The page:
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necksual healing

I had my big appointment with the neurosurgeon this morning. The main piece of news that I have to share is that I don’t have to have surgery. At least not yet. I’m going to do physical therapy for a month. If things aren’t getting better after that, then I’ll get some injections (ew). And if I’m still messed up, then I’ll have surgery.

The other piece of news is that I have two herniated discs, not just one.

And that’s…about all I got from the appointment. I had a list of questions prepared, like how might I have possibly done this, how exactly does one heal a herniated disc, what physical activity is safe for me at this point. But as soon as it was clear that I wasn’t about to go under the knife, my mind kind of went blank.

I was also kind of flustered by the whole experience. My appointment was in the Hillman Cancer Center, which was packed with people even at 9 in the morning. I overheard that the doctor that I was there for sees about 70 patients a day. Plus the various conditions of the people in the waiting room was upsetting. I felt kind of silly even being there for my neck as I gave up my seat so that a daughter could sit next to her wilting mother. I ended up only seeing the actual doctor for maybe two minutes.

And, you know, none of that REALLY bothers me. I just wish I would have been as businesslike in response, you know?

But, on the cool side, I got a disc of my MRI images. It took me a minute to figure out how to look at them in a way that made it obvious what I was dealing with, but…whoa.

I also got a kick out of getting a peek at stuff like my brain. In some views I can clearly see my cerebellum (yes, I had to look that up; 8th grade anatomy was a long time ago) and the fibers and whatnot that it contains. Crazy.

So, this is good. To be honest, I had kind of pumped myself up for surgery, since my PCP seemed so certain about it, and saw the bright side of it being that I would be fixed sooner rather than later. But I’m definitely cool without it for now.

16 comments to necksual healing

  • Snarky Amber

    The only thing sad about this news is that it means you don’t get to use the blog title ‘Doctor says I need a backiotomy.”

  • Phew. I know what you mean about being “ready” for surgery; I have had that happened a few times and then it seems an odd…letdown? Not really a letdown, because who wants surgery, but I feel silly for thinking the absolute worst and then getting much better (but not) great news. Good luck with PT.

  • charlie

    yee-motherfuckin-haw!

    ps- your brain is awesome.

  • Darcey

    I am so glad you don’t have to have surgery yet!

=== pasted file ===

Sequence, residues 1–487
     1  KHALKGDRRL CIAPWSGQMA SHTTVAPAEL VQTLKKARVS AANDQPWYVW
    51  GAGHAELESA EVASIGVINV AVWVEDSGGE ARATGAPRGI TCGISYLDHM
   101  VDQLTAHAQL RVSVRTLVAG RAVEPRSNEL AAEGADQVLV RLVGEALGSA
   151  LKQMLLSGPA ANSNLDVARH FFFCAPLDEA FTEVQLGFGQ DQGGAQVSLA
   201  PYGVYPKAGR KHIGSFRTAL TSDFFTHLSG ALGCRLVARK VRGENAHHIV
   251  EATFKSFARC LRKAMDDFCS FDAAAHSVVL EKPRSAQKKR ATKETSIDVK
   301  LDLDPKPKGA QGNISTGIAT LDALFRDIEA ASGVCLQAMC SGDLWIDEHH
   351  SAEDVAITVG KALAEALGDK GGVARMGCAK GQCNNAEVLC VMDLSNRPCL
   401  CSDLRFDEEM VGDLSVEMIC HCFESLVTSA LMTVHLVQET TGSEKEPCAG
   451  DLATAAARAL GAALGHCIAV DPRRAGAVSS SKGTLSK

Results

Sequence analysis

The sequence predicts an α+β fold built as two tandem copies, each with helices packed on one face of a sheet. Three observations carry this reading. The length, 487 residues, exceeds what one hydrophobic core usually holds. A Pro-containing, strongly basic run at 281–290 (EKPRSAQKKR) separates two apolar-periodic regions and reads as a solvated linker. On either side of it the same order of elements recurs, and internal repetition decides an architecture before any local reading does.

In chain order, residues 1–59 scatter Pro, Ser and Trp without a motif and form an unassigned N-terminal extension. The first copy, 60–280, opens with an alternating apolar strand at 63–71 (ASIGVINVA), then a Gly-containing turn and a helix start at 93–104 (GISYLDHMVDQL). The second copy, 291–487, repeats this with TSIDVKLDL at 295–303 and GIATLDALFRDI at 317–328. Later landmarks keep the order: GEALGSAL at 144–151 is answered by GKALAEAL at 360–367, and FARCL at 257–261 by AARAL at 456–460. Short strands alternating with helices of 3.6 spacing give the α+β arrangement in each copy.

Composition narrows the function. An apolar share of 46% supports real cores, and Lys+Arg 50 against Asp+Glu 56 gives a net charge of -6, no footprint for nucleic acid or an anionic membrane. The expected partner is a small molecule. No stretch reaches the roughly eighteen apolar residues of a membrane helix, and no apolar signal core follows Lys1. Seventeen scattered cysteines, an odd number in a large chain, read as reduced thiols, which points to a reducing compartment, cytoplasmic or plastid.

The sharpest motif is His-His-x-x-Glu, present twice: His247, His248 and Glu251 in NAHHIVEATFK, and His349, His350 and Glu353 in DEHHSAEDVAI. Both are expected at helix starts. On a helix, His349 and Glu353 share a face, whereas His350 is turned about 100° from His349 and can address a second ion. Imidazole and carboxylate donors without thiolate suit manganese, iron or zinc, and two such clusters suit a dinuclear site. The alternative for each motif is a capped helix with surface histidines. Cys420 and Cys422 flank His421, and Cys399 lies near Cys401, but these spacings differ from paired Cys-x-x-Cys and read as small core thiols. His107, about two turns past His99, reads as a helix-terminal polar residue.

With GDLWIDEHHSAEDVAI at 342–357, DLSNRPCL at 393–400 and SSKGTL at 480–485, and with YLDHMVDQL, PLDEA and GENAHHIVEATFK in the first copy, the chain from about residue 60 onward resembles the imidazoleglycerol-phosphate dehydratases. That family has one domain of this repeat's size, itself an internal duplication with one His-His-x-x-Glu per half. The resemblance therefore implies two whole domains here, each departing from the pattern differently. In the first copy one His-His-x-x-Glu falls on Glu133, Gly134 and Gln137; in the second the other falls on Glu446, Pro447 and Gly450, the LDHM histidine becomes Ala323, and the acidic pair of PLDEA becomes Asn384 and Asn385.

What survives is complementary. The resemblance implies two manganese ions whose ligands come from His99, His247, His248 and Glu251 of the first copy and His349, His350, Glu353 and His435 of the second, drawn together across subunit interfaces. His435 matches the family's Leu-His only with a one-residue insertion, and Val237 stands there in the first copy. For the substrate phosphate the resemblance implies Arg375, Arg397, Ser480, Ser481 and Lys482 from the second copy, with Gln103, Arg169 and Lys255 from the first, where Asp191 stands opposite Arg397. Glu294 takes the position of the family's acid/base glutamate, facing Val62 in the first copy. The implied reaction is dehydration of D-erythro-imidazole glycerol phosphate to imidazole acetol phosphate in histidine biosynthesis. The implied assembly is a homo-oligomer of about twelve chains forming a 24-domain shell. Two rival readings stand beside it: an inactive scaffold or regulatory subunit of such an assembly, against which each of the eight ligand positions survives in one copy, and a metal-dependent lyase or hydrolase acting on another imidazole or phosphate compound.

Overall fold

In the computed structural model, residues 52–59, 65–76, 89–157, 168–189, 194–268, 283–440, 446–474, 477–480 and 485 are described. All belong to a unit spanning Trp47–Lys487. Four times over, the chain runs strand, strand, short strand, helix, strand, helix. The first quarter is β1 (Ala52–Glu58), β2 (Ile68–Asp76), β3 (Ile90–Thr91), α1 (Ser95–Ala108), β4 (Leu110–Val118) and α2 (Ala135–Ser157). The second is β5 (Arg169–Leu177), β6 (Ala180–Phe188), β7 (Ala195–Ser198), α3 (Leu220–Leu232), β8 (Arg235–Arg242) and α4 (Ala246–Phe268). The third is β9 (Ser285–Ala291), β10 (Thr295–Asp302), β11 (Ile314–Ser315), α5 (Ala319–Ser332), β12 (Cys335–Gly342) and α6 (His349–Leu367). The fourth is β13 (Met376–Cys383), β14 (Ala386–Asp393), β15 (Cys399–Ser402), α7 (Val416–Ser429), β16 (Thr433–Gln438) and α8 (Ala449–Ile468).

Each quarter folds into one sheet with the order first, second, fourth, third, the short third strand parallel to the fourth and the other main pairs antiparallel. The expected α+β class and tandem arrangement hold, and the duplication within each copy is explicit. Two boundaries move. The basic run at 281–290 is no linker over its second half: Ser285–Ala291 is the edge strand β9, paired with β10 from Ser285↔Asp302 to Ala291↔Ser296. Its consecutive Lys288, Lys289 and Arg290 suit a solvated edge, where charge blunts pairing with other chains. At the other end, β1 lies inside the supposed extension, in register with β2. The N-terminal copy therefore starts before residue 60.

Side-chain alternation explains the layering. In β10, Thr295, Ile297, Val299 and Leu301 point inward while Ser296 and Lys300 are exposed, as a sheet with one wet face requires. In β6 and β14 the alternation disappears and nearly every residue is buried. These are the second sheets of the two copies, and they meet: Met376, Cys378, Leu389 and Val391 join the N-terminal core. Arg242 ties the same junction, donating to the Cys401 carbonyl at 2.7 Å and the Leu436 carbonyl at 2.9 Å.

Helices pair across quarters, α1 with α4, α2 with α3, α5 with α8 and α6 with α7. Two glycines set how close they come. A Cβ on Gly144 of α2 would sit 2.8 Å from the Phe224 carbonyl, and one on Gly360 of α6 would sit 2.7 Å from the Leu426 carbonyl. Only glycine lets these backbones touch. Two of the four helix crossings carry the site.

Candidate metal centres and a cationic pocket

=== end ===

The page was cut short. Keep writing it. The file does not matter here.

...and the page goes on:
As someone who shares the 2 herniated disc problem (skiing accident, exacerbated by years of typing at a computer), I completely understand the frustration of finally getting to a diagnosis and then not really being sure how to progress from there when surgery isn’t exactly the best option. (Let me know if you want to talk further about what surgery looks like after a neck-side discectomy or fusion.)

    I can honestly say that I’ve avoided the cortisone shots for as long as I can – my mom has been getting them for sometime due to a screwed up shoulder – because I don’t want to have to rely on them and also worry about any build-up of scar tissue in an already sensitive area.

    For me, I found the most success in lots of stretching, doing the physical therapy (and all the exercises they recommend), and though its a bit controversial, seeing a chiropractor. I ended up going for 18 months and saw significant improvement in my xrays, how I felt overall, and mobility in my neck. I even got to the point where I could train (and complete) for a marathon!

    But yeah… happy to hear it doesn’t need surgery at this point.

    • cool! about how long did it take for you to be able to get back to a somewhat normal level of physical activity?

      • Darcey

        This is one of those things that, of course, depends. If you follow the exercises from physical therapy and allow yourself the sufficient time to heal, you should be back to normal physical activity within a couple of weeks. If you’re a jackass like me, and the first day without significant pain you hop into the gym and start running, you’re going to be in a never-ending cycle of injuries.

        It is FAR better to allow your body to heal and spend an extra week or so doing low-impact activity (the pool is a GREAT alternative) than to consistently exacerbate your injury.

  • Oh thanks christ.

    Also, best xrays EVER. xoxo

  • Yay for no surgery!
    Double Yay on the blog post title…necksual healing. Ha, that cracked my shit up. I will never be able to hear that song the same way again.

    (It’s a bad habit of mine – announcing certain maladies with songs. My annoying favorite involves a cyst I once had on my wrist. Just like Hall & Oates sang about someone’s kiss being on their list. Because a cyst…a cyst is on my wrist!)

  • rachelraven

    No surgery is good stuffs!

    George gets injections into his lumbar spine, but ew, ow, upper stuff (cervical, thoracic) gives me the willies. Especially cervical.

    And that cerebellum also should have things like, “Walking upright, not falling over, not leaning,” on it, too. :)

    Hope the PT gives relief!

  • Em

    Wow! Still reeling over the xrays. So glad you don’t have to have surgery unless it’s absolutely necessary. I’m sure you will kick some ass at physical therapy. So much of this is shudder-worthy, but I’m really happy you got to see what’s in your cranium. So cool.

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